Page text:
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Gold Cast Pendant Necklace

Jon had some sentimental family gold. He wanted a necklace made for his wife’s birthday.

The first step was to carefully remove the diamonds from a family ring. Removing gemstones and diamonds is a job a stone setter – our Mark cut these free – you can see the diamonds free of their settings in his work bench. Jon knew the style of pendant that his wife would like, he was able to provide us with an accurate description and rough sketch. Louise was able to create a photo-realistic image from CAD – a computer design program.

Here is the CAD design for Jon’s wife. These images are not the actual pendant, but a design of it inside a computer program.

The settings have been made to fit their sentimental family diamonds exactly, each diamond was accurately measured once it was un-set from the original ring. Jon visited our Design Studio to view these images and was very happy with how they looked. From the computer file we 3D printed a wax copy to use in casting.

This pendant was cast with their own family gold. We are able to cast a single flask for our customers, using only their gold, this is because we have the equipment to cast in-house. You need more gold to cast with than you actually use in the finished piece. This is because the gold needs to ‘flow’ into the mould during Lost Wax Casting. The entry point to the mould is called the sprue; it is this part that is needed to make the casting process work, and the reason why there is leftover gold.

In this creation, the excess gold (sprue) was used to hand make a chain for this pendant.

Here is Jon’s rough cast gold on the bench peg!

You can see his wife’s pendant, hand set with their own family diamonds, and cast from their own sentimental gold. You can see the beautiful hallmarks on the back, including The Queen’s Jubilee Stamp.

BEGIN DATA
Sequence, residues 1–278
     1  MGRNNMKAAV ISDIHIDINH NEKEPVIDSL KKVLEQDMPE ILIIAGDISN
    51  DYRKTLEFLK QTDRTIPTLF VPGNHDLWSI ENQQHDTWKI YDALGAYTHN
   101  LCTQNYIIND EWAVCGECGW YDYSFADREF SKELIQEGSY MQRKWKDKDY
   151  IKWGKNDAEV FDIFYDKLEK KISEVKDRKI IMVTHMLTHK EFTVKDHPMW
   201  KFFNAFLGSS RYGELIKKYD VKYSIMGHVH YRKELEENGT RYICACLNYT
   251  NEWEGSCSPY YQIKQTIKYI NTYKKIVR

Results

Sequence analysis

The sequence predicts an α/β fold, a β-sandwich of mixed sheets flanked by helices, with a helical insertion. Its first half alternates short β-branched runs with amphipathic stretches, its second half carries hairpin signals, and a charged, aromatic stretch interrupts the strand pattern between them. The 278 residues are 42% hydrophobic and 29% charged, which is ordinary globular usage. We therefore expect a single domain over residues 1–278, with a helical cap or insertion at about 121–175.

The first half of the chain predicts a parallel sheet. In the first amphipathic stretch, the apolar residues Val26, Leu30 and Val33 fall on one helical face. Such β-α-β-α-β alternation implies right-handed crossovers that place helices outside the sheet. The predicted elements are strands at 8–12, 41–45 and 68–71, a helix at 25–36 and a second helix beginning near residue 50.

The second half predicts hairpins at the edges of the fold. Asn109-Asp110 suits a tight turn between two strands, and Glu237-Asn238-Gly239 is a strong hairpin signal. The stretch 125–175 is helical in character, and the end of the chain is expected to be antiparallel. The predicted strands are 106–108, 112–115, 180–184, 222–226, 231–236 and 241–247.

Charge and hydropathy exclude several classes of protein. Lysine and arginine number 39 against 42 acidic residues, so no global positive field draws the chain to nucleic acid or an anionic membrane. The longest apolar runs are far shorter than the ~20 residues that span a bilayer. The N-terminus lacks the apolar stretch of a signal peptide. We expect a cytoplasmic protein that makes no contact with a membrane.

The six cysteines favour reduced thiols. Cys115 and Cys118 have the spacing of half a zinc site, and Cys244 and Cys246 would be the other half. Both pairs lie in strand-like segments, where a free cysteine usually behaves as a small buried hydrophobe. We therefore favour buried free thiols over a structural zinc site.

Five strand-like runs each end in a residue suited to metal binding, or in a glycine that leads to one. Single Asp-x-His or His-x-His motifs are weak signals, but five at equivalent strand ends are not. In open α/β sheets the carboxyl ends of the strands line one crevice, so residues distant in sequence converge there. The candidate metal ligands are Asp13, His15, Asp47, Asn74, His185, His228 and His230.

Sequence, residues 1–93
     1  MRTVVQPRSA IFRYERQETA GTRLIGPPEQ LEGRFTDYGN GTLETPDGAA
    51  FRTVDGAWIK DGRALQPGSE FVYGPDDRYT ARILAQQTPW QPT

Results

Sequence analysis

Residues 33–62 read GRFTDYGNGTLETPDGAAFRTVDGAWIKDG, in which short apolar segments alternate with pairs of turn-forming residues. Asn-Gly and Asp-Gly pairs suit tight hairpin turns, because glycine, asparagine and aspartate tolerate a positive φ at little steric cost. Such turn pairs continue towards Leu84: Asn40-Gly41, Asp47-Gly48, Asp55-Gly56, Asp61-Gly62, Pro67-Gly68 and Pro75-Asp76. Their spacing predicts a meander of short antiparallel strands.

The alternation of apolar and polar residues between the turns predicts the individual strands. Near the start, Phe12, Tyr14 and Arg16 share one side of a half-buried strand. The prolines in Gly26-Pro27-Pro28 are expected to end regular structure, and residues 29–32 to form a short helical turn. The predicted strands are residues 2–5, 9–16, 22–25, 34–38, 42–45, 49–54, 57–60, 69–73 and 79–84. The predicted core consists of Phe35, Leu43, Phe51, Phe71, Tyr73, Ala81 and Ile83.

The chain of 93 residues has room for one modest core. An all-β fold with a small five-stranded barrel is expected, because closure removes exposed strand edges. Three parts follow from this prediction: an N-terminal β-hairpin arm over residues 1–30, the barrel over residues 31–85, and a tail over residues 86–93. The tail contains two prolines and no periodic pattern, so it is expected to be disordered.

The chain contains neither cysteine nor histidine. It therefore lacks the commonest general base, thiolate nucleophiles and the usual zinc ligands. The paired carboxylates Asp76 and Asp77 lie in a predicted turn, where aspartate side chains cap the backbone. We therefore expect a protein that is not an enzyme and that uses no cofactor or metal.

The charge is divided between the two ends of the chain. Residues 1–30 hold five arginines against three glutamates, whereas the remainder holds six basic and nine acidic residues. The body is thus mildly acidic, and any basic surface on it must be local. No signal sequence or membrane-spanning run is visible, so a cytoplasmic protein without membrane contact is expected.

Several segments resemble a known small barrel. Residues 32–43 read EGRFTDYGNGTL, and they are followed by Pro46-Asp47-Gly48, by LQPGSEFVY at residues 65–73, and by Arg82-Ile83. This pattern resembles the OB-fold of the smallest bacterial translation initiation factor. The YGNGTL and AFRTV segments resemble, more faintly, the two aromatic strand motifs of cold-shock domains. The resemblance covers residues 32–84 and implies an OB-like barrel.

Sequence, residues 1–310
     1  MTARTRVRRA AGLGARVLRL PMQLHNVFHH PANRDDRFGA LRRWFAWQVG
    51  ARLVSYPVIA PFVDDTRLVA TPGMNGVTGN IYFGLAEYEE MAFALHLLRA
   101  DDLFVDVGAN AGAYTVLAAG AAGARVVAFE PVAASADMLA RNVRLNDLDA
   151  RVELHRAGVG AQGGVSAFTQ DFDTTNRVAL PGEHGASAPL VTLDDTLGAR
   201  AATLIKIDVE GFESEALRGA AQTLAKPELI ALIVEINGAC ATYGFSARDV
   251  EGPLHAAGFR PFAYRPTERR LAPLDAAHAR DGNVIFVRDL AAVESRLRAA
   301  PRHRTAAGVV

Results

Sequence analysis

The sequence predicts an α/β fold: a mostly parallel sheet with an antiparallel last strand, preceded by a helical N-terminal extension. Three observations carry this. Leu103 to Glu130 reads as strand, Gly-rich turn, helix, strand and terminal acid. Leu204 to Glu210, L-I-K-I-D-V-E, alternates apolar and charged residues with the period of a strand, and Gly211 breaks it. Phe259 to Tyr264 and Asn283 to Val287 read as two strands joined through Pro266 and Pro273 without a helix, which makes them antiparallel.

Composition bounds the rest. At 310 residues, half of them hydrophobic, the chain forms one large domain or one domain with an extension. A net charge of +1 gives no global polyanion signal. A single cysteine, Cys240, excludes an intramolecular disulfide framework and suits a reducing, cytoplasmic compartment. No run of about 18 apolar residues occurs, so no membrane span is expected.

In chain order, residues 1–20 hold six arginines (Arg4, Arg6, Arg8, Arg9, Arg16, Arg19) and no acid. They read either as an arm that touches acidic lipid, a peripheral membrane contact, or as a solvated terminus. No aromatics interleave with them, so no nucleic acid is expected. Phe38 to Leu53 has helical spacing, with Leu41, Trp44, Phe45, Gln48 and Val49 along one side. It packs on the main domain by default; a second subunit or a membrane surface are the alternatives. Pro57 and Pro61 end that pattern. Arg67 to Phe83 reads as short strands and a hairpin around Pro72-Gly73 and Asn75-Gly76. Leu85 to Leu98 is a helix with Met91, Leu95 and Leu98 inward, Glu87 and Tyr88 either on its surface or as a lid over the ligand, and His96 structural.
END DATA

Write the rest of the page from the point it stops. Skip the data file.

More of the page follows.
Jon’s family gold was used to cast the pendant for his wife; there was enough left over to hand-make a chain for her to wear it on. Our Mark has an exceptional skill to craft chain entirely by hand. He re-melted, and poured an ingot from the remainder of Jon’s sentimental family gold. This gets the gold into the correct shape. The first part of the process is to roll the gold through a set of steel rollers to change the shape. The gold needs to be one long wire, it is coiled around a tube and then cut by hand to form the links.

Each link is assembled and then individually welded by hand. Finally, a clasp is attached. Mark then gently squeezes each link to make them oval – so they run through the back to the pendant nicely. The craftsmanship behind this chain means that you end up with a far superior product to anything made by a machine.

Here is the finished pendant that was cast from Jon’s own sentimental gold, and hand set with his family diamonds, plus the handmade chain. This was a surprise birthday present for his wife.

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